Adeyemi still hopes to make the grade

Norwich City loan prospect Tom Adeyemi admitted he is on a steep learning curve at League Two Bradford City. Adeyemi was an unused substitute in Friday's latest 2-0 home league defeat to Southend, which continued the Bantams' difficult start to the new campaign under Peter Taylor.

Norwich City loan prospect Tom Adeyemi admitted he is on a steep learning curve at League Two Bradford City.

Adeyemi was an unused substitute in Friday's latest 2-0 home league defeat to Southend, which continued the Bantams' difficult start to the new campaign under Peter Taylor.

The teenage City midfielder has scored once in four senior appearances since agreeing an initial New Year loan move to Valley Parade, after featuring 17 times during Norwich's League One title success.

“It's just the physicality of this league,” he said. “Teams are very strong and you have to be able to match them on a physical level first before you even think about playing.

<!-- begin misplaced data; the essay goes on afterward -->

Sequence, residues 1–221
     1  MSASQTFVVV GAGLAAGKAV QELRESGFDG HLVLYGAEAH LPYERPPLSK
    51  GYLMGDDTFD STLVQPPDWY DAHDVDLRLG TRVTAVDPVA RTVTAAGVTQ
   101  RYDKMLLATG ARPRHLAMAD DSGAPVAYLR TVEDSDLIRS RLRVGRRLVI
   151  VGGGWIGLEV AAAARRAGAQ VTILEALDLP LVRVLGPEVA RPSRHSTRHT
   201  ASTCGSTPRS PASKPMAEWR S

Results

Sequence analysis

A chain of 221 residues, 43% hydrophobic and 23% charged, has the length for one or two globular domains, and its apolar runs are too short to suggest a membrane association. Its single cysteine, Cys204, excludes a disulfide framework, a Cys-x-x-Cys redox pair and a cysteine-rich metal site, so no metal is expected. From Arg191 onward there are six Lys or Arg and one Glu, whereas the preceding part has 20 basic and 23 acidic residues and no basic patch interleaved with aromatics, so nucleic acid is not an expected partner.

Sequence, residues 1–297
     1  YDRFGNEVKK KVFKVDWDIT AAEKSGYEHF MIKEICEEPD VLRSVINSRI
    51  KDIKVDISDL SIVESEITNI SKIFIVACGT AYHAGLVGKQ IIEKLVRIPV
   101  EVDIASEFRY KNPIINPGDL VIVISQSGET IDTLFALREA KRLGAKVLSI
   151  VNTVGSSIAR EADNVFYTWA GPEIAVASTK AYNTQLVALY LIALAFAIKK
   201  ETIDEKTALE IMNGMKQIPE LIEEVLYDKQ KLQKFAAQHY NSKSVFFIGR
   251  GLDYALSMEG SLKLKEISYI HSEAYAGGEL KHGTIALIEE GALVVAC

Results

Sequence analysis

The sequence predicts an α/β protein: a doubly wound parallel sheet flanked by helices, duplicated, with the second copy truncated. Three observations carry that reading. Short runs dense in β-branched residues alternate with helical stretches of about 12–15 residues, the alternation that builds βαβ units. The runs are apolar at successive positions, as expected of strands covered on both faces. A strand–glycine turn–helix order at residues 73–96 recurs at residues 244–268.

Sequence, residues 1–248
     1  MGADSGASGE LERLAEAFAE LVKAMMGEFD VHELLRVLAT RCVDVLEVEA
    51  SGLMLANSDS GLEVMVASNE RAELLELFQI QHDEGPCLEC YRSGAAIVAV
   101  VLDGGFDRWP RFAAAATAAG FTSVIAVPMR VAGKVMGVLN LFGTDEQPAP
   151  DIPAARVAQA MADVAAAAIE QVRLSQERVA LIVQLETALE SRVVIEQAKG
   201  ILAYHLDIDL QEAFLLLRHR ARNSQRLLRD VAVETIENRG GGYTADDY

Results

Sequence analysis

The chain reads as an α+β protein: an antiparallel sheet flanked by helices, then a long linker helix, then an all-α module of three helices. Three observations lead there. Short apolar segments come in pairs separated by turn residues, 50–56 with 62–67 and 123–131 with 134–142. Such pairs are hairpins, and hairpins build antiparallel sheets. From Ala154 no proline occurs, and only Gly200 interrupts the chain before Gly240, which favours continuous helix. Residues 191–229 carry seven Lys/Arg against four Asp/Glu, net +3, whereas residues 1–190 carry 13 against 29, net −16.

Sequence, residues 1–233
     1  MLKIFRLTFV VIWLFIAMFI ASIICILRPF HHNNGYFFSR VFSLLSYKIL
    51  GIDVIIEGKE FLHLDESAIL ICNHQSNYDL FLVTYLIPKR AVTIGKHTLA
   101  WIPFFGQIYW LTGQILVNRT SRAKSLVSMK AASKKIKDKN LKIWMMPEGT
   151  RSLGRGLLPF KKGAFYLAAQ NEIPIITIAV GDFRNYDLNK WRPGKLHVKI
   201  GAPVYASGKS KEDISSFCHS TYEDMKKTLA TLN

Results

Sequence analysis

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“I've learned a lot from the short time I've been here and I feel the team are capable of a lot more than we've given already.

“It's not just me who has come in but quite a few others as well. We haven't played together much and it will take a while to gel.

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“But I think the foundations are there. Build on that and I'm sure we will do well.”

Norwich's bright League One apprentice of the year had plenty of reason to celebrate off the pitch recently after earning an impressive set of A-level results. The academically gifted youngster received two A* grades in biology and chemistry, and an A in maths.

“I was obviously very pleased because I'd put a lot of hard work in to pass the exams,” he said.

“But I wasn't that nervous about the results because there wasn't that much riding on it.

“It was more worrying for a lot of my friends because they want to get into university and needed the right grades.

“But I've started off a career in football so hopefully the qualifications are something I can use in the future rather than right now.

“It's something I see as being important when I've finished playing. Once you've got the results, they'll always be there for you.

“If football doesn't go as well as I want it to, obviously it would give me the chance to do something else. Otherwise, it gives me another option at the end of my career.

“Unless you're playing right at the top of the game, you do need to be able to do something else eventually. Some people might go into coaching and this gives me the chance to go into a different career.”

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